Now that it’s 2011 and we’re back in the swing of things, a lot of startups are already undoubtedly laying out their launch plans for the year. And while anytime seems like a good time around these parts, a lot of startups pencil in the SXSW festival in Austin, Texas as a good potential launching point. Why? Because it’s early in the year (early March), with a ton of people and hype, and a few of the most successful launches in recent years took place there.
You can always tell the most successful launches because the press the following year will say, “who is going to be this year’s ______ of SXSW?” The two most obvious companies that fit that bill are Twitter and Foursquare. (Well technically Twitter didn’t launch at SXSW, but that was definitely their coming out party in 2007.) And coincidentally, two founders of those two companies have taken to Quora today to both answer the question: What is the process involved in launching a startup at SXSW?
Yes, I get to write about Twitter, Foursquare, and Quora in the same post.
Twitter co-founder Evan Williams notes that Twitter launched prior to SXSW “to a whimper”. He says that the company made a decision to target SXSW for some publicity in 2007 simply because it seemed like a lot of the then “thousands” of Twitter early-adopters were heading there. He specifically credits two things they did there with helping the explosion of interest.
First, they set up a tweet visualization screens and negotiated with the conference to put them in the main hallways in the Austin Convention Center. “This is something they’d never done before, but we didn’t want a booth on the trade show floor, because we knew hallways is where the action was. We paid $11K for this and set up the TVs ourselves. (This was about the only money Twitter’s *ever* spent on marketing.),” Williams notes.
The second thing they did was to create a SXSW-specific feature that allowed people to join Twitter simply by texting “join sxsw” to their 40404 SMS shortcode. When people did that, they would show up on the screens around the conference. And you’d be following the half-dozen Twitter “ambassadors” that were other users at the conference (consider that the first SUL).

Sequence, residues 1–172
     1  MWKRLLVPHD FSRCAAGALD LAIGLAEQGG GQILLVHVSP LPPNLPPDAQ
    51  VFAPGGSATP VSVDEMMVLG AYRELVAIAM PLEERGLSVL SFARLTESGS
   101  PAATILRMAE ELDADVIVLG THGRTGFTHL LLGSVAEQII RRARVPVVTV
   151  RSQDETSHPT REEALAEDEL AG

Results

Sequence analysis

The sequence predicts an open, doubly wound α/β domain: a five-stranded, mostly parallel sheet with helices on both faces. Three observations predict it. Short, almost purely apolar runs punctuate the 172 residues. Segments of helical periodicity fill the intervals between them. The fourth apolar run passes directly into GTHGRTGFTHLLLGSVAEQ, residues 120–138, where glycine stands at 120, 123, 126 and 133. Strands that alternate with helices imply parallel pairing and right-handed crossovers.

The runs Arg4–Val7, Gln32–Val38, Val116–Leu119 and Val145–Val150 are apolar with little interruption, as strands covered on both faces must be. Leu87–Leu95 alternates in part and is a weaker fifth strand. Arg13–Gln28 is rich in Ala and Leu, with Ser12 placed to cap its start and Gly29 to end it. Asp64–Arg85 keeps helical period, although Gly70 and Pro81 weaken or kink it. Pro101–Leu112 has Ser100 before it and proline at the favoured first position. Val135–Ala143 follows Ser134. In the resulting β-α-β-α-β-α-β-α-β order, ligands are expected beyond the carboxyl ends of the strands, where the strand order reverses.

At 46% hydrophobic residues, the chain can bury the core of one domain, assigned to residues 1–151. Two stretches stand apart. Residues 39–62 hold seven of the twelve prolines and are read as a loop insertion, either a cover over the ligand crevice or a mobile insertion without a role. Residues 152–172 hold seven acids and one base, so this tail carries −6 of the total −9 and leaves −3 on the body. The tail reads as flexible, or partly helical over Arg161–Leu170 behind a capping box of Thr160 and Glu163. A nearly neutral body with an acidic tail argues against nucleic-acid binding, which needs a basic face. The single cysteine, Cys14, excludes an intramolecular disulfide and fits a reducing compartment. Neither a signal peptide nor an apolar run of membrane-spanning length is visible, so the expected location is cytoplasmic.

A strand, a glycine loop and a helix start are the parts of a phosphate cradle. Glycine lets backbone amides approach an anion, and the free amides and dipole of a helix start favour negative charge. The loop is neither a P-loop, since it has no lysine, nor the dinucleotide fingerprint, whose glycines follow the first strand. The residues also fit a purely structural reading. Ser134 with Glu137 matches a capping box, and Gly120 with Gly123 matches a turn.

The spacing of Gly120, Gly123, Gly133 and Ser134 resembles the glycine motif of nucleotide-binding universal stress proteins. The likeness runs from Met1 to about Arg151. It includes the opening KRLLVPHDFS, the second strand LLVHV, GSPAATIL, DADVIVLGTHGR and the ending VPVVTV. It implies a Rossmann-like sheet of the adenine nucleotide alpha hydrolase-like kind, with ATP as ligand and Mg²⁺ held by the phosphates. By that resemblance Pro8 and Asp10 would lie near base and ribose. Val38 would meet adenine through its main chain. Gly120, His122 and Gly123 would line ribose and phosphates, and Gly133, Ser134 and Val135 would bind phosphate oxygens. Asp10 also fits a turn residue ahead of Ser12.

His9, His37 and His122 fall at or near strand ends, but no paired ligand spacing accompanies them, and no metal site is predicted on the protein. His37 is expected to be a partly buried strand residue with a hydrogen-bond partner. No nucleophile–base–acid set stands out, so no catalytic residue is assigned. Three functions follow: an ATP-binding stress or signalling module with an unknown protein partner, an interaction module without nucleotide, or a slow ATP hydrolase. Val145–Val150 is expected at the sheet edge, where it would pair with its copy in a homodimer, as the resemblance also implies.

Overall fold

Williams notes, however, that it didn’t seem like a ton of people signed up for the service that way.
“I don’t know what was the most important factor, but networks are all about critical mass, so doubling down on the momentum seemed like a good idea. And something clicked,” he concludes.
Foursquare co-founder Dennis Crowley offers a different take. His big launch was two years later, at SXSW 2009, and the conference was already much larger at that point. His two main keys to a big SXSW launch are to “hustle” and to do everything in your power to get viral word-of-mouth buzz just before the conference. “Start telling friends and stranger to try out your app,” Crowley writes, saying that they spent $0 on marketing that year.
As for hustling, Crowley says that “we started in January and flipped the switch on 4SQ the Thursday before SXSW. Me & Naveen [his co-founder] were both coding in the airport, on the tarmac, on the runway.”
Crowley also says that you should take advantage of Twitter early on for both feedback and support. “Try to answer as many support + feature requests tweets you can. Get people to spread the love,” he writes.
He also suggests using a service like GetSatisfaction to gather a collection of “superusers” to help out with troubleshooting and bugs.
Finally, he says that it’s probably wise to have someone not at SXSW watching the ship during the actual conference. “It’ll help while you’re doing your thing in Austin,” he says.
But Crowley’s most interesting tidbit comes in a comment below his answer:
don’t focus on the press / media / bloggers.
Focus on making something you think is awesome. Focus on making something you think other people will also think is awesome. The rest will prob just happen.
In an answer below that, Kevin Marks leaves another crucial point:
FIrst of all, be sure that your startup makes sense for SXSW – both Twitter and Foursquare (and indeed Dodgeball) were highly suitable for thousands of geeks crammed into a smallish downtown with intermittent net connectivity and a desire to co-ordinate with each other.
If your startup is an Enterprise Sales tool, you might be better off launching somewhere else.
Consider this the official countdown kickoff to the “who will be this year’s ______ at SXSW” stories.